Five Misconceptions About Therapy
Updated: Jan 13
Therapy can be a nerve wracking and overwhelming experience at times, especially for those who have never been in therapy before. Within the last few years, we have seen tremendous progress in society over the stigmatization of therapy and its benefits and while seeking out therapy seems to be a common theme and a widely talked about topic, there have been a lot of things written about therapy over the years but how do you know fact from fiction? Here are 5 common misconceptions about therapy in hopes of changing your mind about seeking help.
1. Therapy is for only people with mental health issues
Therapy can be for anyone and everyone. You do not need to have a mental health diagnosis to seek out therapy. Sometimes people just need someone to listen to them, someone with an outside view. There are several different reasons as to why someone may seek out a therapist.
2. The therapist will tell my stories to other people
Your therapist is bound by professional confidentiality; therefore, they will not tell other people your stories. Confidentiality may be limited if you present as a harm to yourself or others, if there is suspected abuse or neglect, or if you are a minor and engaging in risky behavior. Otherwise, whatever you tell your therapist stays between you and them. Trust is very important in the therapeutic relationship.
3. The therapist will judge you or think you are "crazy"
Therapists will provide a safe and non-judgemental space for you to share your story. They will not judge you or think you’re crazy. They are there to help you and empower you.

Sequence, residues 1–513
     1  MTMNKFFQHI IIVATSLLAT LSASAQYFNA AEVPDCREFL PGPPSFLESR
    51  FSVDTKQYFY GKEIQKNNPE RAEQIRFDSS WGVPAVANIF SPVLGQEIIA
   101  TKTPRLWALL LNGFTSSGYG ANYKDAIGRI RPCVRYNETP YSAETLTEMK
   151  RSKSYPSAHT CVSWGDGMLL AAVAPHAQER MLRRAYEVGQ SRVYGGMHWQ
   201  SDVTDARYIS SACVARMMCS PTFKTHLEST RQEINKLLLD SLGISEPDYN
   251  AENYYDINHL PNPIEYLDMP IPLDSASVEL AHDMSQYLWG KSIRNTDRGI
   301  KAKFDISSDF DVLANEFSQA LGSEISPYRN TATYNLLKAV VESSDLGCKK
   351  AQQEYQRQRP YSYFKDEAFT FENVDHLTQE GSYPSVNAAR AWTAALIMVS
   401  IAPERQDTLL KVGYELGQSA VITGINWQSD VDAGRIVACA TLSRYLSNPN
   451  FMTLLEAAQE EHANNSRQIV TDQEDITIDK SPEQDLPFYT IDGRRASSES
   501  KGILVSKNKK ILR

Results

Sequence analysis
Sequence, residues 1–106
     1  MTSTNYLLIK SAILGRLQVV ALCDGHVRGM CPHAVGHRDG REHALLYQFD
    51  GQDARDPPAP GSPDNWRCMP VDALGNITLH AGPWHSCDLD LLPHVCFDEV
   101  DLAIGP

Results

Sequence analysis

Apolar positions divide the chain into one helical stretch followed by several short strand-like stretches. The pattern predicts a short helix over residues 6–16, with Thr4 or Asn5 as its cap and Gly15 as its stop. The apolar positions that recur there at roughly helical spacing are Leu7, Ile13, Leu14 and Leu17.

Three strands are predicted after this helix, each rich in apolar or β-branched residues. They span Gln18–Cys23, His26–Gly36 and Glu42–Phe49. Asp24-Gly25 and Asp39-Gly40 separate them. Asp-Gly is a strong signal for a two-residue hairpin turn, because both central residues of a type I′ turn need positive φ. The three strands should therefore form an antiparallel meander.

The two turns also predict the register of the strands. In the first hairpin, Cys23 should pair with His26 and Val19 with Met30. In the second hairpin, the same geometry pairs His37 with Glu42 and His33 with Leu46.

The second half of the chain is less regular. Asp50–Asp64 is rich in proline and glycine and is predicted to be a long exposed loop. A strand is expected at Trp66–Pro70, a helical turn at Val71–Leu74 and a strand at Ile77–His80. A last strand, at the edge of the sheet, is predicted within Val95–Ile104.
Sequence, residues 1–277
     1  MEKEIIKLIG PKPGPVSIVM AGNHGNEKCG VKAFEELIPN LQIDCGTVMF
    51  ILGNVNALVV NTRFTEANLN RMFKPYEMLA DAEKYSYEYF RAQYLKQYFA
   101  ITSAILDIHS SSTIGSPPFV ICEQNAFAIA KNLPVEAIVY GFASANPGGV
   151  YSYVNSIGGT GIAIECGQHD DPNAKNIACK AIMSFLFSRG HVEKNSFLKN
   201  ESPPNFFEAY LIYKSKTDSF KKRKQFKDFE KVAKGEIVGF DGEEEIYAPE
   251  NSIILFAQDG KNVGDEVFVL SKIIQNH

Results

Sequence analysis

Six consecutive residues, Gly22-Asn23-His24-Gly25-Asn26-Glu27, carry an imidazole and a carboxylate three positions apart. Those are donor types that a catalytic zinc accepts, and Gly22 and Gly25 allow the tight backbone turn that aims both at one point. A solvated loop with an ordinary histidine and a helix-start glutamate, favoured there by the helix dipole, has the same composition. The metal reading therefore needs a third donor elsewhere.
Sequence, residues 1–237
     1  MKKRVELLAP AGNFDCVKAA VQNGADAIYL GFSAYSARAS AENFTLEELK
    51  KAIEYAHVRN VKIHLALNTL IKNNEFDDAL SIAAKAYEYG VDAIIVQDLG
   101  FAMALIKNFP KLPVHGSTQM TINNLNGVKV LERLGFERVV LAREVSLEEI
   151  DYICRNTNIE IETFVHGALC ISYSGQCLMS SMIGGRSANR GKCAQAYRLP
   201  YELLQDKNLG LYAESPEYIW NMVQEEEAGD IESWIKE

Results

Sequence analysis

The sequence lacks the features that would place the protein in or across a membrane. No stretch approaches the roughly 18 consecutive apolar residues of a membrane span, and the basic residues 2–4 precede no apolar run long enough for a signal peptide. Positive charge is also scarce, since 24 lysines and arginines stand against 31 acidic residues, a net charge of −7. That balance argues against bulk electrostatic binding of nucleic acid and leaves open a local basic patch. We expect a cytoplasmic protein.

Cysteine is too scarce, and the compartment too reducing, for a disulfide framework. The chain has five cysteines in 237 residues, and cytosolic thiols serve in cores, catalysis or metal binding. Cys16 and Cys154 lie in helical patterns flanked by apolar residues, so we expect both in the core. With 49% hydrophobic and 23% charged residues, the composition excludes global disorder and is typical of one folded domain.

4. “I don’t need therapy because I have my friends and family”
While many people believe they don’t need therapy because they have a great support system, that doesn’t always mean they don’t need therapy. As mentioned before, a therapist is there as a third person who has no bias in your situation. Friends and family may have their own opinions and biases towards your situation which may cause you to look a different way. Speaking to a therapist is a great way to work issues out on your own.
5. A therapist tells you what to do
While sometimes people may feel hopeless in their situation and are looking for an answer, the therapist will not tell you what to do. A therapist will act as a guide and empower you to find the answers to your situation within yourself. You can talk openly and work with them to find solutions to your problems.
While there are many misconceptions about therapy, these are some of the most common. It’s important to remember that everyone works through situations differently, but therapy is a great way to start.